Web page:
The New Press, 2020
Agent: Sandra Dijkstra
The thrilling and true account of racketeering and union corruption in mid-century New York, when unions and the mob were locked in a power struggle that reverberates to this day
In 1949, in New York City’s crowded Garment District, a union organizer named William Lurye was stabbed to death by a mob assassin. Through the lens of this murder case, prize-winning authors David Witwer and Catherine Rios explore American labor history at its critical turning point, drawing on FBI case files and the private papers of investigative journalists who first broke the story. A narrative that originates in the garment industry of mid-century New York, which produced over 80 percent of the nation’s dresses at the time, Murder in the Garment Districtquickly moves to a national stage, where congressional anti-corruption hearings gripped the nation and forever tainted the reputation of American unions.
Replete with elements of a true-crime thriller, Murder in the Garment District includes a riveting cast of characters, from wheeling and dealing union president David Dubinsky to the notorious gangster Abe Chait and the crusading Robert F. Kennedy, whose public duel with Jimmy Hoffa became front-page news.
Deeply researched and grounded in the street-level events that put people’s lives and livelihoods at stake, Murder in the Garment District is destined to become a classic work of history—one that also explains the current troubled state of unions in America.
"A cast of ruthless mob bosses, crooked politicians, corrupt journalists, conniving contractors, and gutsy working-class heroes springs vividly to life in these pages. Witwer and Rios uncover a fierce yet all-but-forgotten battle for the soul of the union movement—a battle whose ambiguous outcome haunts us still."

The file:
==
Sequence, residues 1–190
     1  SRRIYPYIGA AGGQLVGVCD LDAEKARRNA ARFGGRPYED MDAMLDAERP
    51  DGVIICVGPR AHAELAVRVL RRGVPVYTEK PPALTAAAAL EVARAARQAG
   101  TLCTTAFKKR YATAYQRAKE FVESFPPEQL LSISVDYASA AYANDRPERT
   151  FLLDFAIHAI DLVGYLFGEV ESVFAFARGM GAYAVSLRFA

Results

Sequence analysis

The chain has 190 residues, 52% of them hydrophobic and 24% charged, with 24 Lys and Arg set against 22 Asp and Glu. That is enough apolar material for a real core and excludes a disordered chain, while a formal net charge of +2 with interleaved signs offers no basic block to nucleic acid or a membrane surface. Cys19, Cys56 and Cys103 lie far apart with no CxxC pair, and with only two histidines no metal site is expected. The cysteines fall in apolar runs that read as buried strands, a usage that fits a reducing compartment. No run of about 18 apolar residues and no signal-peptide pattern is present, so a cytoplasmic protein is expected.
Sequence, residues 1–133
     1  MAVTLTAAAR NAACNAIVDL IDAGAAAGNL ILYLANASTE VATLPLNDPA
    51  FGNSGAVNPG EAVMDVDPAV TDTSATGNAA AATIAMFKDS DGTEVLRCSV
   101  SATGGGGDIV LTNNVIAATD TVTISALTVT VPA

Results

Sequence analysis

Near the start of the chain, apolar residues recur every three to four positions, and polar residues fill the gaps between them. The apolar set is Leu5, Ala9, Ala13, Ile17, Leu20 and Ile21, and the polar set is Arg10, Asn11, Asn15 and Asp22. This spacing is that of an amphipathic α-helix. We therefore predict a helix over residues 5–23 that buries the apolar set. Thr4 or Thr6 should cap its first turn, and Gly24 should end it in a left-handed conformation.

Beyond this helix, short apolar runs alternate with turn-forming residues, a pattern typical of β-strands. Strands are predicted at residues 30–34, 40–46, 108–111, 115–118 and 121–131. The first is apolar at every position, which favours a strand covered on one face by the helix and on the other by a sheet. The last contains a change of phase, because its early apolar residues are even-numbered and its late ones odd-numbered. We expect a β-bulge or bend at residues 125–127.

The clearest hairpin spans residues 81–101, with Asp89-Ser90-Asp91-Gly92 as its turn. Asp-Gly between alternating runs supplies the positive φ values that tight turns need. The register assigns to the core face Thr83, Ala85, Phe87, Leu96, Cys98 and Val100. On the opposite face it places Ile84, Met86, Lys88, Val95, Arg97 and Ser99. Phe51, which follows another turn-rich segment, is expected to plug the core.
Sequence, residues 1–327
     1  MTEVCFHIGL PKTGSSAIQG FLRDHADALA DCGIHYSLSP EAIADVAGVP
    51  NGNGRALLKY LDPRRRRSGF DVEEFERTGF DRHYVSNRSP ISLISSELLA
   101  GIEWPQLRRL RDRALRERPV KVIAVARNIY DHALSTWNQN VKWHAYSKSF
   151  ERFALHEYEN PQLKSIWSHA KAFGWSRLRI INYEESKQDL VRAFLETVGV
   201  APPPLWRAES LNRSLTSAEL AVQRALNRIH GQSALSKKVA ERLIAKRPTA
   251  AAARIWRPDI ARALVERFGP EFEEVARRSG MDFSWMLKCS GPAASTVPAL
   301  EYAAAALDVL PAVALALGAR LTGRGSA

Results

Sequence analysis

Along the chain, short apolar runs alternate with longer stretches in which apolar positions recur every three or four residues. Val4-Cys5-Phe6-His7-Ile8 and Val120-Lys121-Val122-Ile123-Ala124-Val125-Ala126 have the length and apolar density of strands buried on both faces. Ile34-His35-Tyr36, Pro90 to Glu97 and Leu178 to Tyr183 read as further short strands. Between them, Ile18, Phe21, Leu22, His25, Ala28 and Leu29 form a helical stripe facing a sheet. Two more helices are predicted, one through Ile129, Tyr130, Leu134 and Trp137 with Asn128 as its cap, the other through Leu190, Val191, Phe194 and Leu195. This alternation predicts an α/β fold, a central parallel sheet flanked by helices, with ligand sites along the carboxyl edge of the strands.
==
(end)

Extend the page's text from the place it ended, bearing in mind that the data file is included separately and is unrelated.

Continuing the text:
—Joseph A. McCartin, author of Collision Course
"Combining masterful storytelling with rigorous research and analysis … this isn’t a story with clear heroes and villains, but one where characters must react to the flawed realities in their operating environment, sometimes with historically tragic consequences."
—David Rolf, Founder and President Emeritus, SEIU 775, and author of The Fight for Fifteen
"This unflinching analysis of “mobbed-up” unions reveals that they flourished in contexts where corrupt police forces looked the other way, and where employers rejected honest unions in favor of sweetheart contracts. A must-read for anyone interested in labor's future."
—Ruth Milkman, author of Unfinished Business and Gender at Work
"A powerful page-turner that completely reshapes how we think about the connections between unions, corruption, and organized crime, and a critically-important work for anyone interested in reviving the power of the American working class."
—Erik Loomis, author of A History of America in Ten Strikes and Out of Sight
"Witwer and Rios highlight the dark side of organized labor’s decline from public influence since the 1950s. A compelling account of mob threats and violence regularly visited on garment and teamster union organizers, Murder in the Garment District reminds us of the defining power of coercion in American labor-management relations."
—Leon Fink, author of The Long Gilded Age and Workers in Hard Times